Last Friday I blogged about a Title IX case filed against Columbia University by a student who prevailed in a disciplinary hearing for sexual assault but was subsequently and allegedly harassed as a result of his accuser’s public protest. But Columbia University was also in the news last week because a federal court recently dismissed a case that had been filed by a student alleging that the university’s disciplinary process under which he was suspended for sexual assault was biased against him in violation of Title IX.
Like other similar plaintiffs, the “John Doe” plaintiff in this case attempted to raise both of the arguments courts have recognized as plausible applications of Title IX to disciplinary outcomes: arguments of erroneous outcome and selective enforcement. To be successful, both arguments must be accompanied by allegations that could support a conclusion that the university intentionally discriminated against the plaintiff on the basis of sex.
In support of his erroneous outcome claim, Doe alleged that university officials committed errors during the investigation and hearing process that prevented him from demonstrating his innocence to the hearing panel that found him responsible for assault. Specifically, Doe focused on the actions of Title IX Investigator, whom Doe claimed did not adequately investigate the details of the night the sexual encounter occurred, and who presented a report that left out his version of the story. The court was, at the outset, skeptical that the procedural deficiencies Doe alleged prevented him from demonstrating his innocence, noting that the hearing board found that Doe had exerted “unreasonable pressure for sexual activity…over a period of weeks” that rendered ineffective any consent that the victim could have provided on the night in question. As a result, the court concluded, even if the investigator had been deficient in her investigation or presentation of the facts about that night, they would not have made a difference to the outcome. More importantly, the court found lacking any specific allegation in support of Doe’s theory that the investigator was motivated by gender bias, claiming only that she had “worked for a women’s resource center in the past,” a flimsy basis for inferring bias. Nor could the court give credence to any of the other of Doe’s conclusory declarations of bias, because they were not supported by any allegations of fact.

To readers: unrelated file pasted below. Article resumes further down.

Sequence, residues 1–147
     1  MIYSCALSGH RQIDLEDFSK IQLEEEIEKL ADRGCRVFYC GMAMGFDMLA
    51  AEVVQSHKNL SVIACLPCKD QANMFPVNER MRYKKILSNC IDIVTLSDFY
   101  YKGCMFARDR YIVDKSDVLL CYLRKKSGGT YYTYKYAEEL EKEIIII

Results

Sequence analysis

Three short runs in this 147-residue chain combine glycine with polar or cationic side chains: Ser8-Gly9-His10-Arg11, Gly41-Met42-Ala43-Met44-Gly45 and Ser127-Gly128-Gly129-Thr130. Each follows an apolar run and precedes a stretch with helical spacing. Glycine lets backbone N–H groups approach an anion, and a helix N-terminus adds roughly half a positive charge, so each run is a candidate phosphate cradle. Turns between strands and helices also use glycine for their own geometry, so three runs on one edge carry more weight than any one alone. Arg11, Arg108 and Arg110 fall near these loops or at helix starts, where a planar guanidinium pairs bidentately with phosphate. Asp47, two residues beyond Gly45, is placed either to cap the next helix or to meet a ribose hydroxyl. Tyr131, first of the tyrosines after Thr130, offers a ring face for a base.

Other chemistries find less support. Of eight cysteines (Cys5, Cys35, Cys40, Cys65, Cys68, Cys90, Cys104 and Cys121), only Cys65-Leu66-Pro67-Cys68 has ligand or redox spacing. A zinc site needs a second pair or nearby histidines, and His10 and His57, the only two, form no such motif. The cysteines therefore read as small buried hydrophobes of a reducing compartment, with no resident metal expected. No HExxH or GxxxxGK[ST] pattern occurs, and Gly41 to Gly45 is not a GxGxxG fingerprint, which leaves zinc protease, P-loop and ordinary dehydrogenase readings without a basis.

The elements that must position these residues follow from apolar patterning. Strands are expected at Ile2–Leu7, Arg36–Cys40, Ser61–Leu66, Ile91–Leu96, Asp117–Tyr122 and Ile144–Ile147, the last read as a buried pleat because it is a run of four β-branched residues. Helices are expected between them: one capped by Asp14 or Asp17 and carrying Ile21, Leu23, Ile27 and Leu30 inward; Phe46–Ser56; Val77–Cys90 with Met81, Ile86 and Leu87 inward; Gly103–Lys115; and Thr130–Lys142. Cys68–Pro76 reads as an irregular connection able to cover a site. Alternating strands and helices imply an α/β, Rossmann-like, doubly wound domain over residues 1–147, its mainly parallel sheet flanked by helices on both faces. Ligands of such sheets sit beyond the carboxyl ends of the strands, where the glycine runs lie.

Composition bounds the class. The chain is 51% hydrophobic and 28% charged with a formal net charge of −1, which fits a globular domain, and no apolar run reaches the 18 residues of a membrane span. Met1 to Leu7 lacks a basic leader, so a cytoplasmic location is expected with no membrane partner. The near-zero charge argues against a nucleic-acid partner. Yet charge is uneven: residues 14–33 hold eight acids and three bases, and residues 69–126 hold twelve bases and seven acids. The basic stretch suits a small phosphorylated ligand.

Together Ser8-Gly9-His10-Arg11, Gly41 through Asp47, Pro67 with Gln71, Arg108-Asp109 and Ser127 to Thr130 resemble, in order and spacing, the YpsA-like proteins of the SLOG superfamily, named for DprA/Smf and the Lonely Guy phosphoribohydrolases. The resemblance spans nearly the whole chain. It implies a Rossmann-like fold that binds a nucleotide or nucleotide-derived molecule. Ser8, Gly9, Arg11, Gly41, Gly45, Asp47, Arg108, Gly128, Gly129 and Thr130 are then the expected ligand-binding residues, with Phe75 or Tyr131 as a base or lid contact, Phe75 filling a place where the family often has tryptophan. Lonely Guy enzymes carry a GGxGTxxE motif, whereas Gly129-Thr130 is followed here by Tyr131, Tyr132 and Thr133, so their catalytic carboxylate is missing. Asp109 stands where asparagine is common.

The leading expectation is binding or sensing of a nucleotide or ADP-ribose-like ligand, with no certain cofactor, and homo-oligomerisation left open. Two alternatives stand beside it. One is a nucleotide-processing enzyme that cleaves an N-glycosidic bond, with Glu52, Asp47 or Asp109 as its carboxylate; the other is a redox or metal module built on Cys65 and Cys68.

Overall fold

The court also rejected Doe’s selective enforcement claim, i.e., that aside from the matter of his alleged innocence, Columbia punished Doe more severely because of his sex. Yet in this case, Doe did not allege that Columbia intentionally punished men more severely, or failed to adequately examine their innocence, because they are men. At most, the court reasoned, Doe alleged that Columbia’s disciplinary process is unfair to those accused of sexual assault, but since this category could include men or women, it does not support the conclusion that Columbia intentionally discriminates against men on the basis of sex. And while Doe may argue that men are more likely than women to be accused of sexual assault, and thus more likely to be burdened by the alleged deficiencies in Columbia’s process, this theory is not actionable under Title IX, according to the court, because of a 2001 Supreme Court decision foreclosing disparate impact lawsuits under Title VI — the race discrimination statute on which Title IX was modeled. As a result, it is not enough for plaintiffs to claim that a university’s sex-neutral policies or practice impacts one sex more than the other.
As demonstrated by this and other similar decisions cited by the court here, colleges and universities do not necessarily commit sex discrimination just because they discipline male students for sexual assault. In contrast, however, when colleges and universities discipline students in actual violation of their own procedures, those cases can be successfully litigated without the lens of sex discrimination under breach of contract and negligence theories, see, for example, this case. Yet, breach of contract and negligence claims don’t support the “reverse discrimination” narrative that some may wish to advance by using Title IX to challenge what Title IX has wrought. It may be that plaintiffs continue to advance the Title IX theory because if they could establish that universities are routinely* liable under Title IX for disciplining students for sexual assault, it would create the impression that Title IX is inherently contradictory, unworkable, and its application to sexual assault should be repealed. If that is the strategy, however, it does not seem to be working so far.
* I say routinely to account for the unusual case (e.g., this case, and possibly this case) where the plaintiff has a factual basis for alleging that the university used him as a “scapegoat” in a misguided effort to demonstrate compliance with an OCR resolution agreement. When that is the situation, Title IX should provide a remedy. However, when a university gets in trouble for going beyond what Title IX requires, it reflects negatively on the university not on Title IX.
Doe v. Columbia University, 2015 WL 1840402 (Apr. 21, 2015).